He holds the IEEE Microwave Theory and Techniques Society’s 2004 Microwave Application Award and its 2013 Microwave Career Award—both awarded to a Canadian for the first time. In 2012, he was honored by a Queen Elizabeth II Diamond Jubilee Medal and by IEEE Canada’s 2012 A.G.L. McNaughton Gold Medal.

John was President of Optimization Systems Associates Inc., which he founded in 1983 and sold to Hewlett-Packard Company in 1997. Based on his work, advances such as design with tolerances, yield-driven design, and electromagnetic optimization—once academic fantasies—are now taken for granted by microwave engineers. His software implementations into commercial CAD tools have impacted high-frequency and microwave design initiatives world-wide.

In 1993, John discovered “space mapping.” Ensuing algorithms have been adopted by design portfolios across the entire spectrum of engineering, enabling high-fidelity design of devices and systems at a cost of only a few high-fidelity simulations. In “Have you ever wondered about the engineer’s mysterious ‘feel’ for a problem?” IEEE Canadian Review, no. 70, pp. 50-60, Summer 2013, John writes: “It is ironic that the very same generic process [space mapping] is as easy to explain to your next-door neighbor as it has proved difficult for an expert to explain to a fellow expert in the next cubicle.”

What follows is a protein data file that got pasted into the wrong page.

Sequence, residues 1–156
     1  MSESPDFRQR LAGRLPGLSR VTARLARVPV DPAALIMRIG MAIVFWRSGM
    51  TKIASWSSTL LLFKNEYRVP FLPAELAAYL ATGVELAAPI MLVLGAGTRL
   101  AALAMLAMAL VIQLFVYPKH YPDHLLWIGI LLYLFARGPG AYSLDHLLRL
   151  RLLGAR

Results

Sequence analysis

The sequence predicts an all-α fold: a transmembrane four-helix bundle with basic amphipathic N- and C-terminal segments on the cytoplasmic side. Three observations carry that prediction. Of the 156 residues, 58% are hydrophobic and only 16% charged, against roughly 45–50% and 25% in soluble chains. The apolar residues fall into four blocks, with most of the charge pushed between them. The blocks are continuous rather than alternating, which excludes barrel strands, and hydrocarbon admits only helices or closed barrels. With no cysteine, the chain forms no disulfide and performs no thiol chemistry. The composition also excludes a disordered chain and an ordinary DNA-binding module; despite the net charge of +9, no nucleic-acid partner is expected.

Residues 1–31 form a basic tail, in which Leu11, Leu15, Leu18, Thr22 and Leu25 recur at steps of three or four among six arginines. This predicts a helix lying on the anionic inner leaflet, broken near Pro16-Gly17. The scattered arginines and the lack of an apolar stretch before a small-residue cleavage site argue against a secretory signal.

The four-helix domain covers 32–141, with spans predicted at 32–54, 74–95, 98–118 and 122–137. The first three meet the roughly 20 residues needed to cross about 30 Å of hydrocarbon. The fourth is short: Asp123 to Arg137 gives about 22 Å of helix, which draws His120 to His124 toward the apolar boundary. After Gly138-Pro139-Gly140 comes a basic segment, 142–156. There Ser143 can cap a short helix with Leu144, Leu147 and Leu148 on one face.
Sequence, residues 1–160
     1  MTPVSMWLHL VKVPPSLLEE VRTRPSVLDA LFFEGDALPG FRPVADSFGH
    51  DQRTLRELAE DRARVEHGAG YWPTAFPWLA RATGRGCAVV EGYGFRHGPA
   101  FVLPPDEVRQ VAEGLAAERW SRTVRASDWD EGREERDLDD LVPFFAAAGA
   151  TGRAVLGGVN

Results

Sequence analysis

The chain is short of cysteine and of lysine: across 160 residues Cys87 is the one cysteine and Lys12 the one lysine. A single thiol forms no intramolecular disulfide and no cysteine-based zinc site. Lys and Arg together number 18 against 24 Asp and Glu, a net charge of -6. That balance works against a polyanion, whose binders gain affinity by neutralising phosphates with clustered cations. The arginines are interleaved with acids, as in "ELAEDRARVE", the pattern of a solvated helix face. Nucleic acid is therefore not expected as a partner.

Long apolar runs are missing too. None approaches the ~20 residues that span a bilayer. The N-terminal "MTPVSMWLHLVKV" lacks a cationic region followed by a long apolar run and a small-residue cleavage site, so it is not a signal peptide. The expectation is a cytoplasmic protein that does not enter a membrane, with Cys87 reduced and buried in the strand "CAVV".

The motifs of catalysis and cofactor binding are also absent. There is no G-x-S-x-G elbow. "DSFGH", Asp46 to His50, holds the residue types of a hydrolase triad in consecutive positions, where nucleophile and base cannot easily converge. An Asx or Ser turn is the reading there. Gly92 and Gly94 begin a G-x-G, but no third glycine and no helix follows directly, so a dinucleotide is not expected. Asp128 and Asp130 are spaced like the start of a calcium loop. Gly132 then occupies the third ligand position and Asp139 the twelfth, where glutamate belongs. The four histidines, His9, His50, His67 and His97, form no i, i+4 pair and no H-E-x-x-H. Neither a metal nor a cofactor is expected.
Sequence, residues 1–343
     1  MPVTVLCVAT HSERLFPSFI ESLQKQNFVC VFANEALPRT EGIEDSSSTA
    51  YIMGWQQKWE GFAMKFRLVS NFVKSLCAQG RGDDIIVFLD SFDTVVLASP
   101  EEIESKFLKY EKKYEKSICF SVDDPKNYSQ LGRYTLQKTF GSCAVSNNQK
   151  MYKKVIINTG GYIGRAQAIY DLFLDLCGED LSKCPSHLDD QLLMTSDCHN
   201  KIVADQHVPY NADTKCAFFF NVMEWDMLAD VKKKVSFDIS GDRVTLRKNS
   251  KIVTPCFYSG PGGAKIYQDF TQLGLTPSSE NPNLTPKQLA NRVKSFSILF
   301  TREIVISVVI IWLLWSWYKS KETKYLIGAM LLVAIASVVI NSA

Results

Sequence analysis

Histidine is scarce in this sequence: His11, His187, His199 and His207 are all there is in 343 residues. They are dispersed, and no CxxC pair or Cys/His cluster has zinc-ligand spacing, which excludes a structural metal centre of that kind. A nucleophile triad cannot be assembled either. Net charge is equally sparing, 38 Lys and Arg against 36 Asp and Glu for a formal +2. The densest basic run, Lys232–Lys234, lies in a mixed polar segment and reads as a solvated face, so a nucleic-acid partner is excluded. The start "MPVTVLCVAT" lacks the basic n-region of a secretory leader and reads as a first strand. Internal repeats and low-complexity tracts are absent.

Active in artistic, literary, and theatrical endeavors, John’s work includes a novel, a screenplay and nine stage plays. He contributed to Theatre Burlington’s 2010 multiple-award-winning production of Breaking the Code—the story of Alan Turing—and received the Western Ontario Drama League adjudicator’s special award for (Greek language) dialect coaching.

John’s plays have received public readings at Theatre Aquarius, the Players’ Guild of Hamilton, and the Dundas Little Theatre. He is author and executive producer of Christmas Eve at the Julibee Motel, 59 Minutes in the Maxwell Suite, and author, director and executive producer of That The Multitude May Live, all performed at Hamilton Fringe Festivals. Watch out for his science fiction play The Trial of Naomi Verne at the Hamilton Fringe Festival in July, 2014.

His rump session at the 2012 IEEE International Microwave Symposium on “Human Aspects of Communication and Persuasion: First Impressions and Subtext” is available on IEEE.tv. His 2013 McMaster seminar on “From Creativity to Success via Risk and Setback: An Insider’s Perspective” is available on McMasterUTV. On February 2, 2014, he spoke at the TEDx McMaster U Conference on “Explain Less, Predict More.”


Upcoming ...

Jay Reilly, Purdue University - March 13 or 27, 2014 (TBC)

Past ...

Eugene Roman, Chief Technology Officer, Canadian Tire Corporation, Limited - January 2014

Jordan Banks, Managing Director and Head of Global Vertical Strategy Facebook Canada - November 2013



For event information, please contact Terry Milson, milson@mcmaster.ca, 905-525-9140, ext. 27391.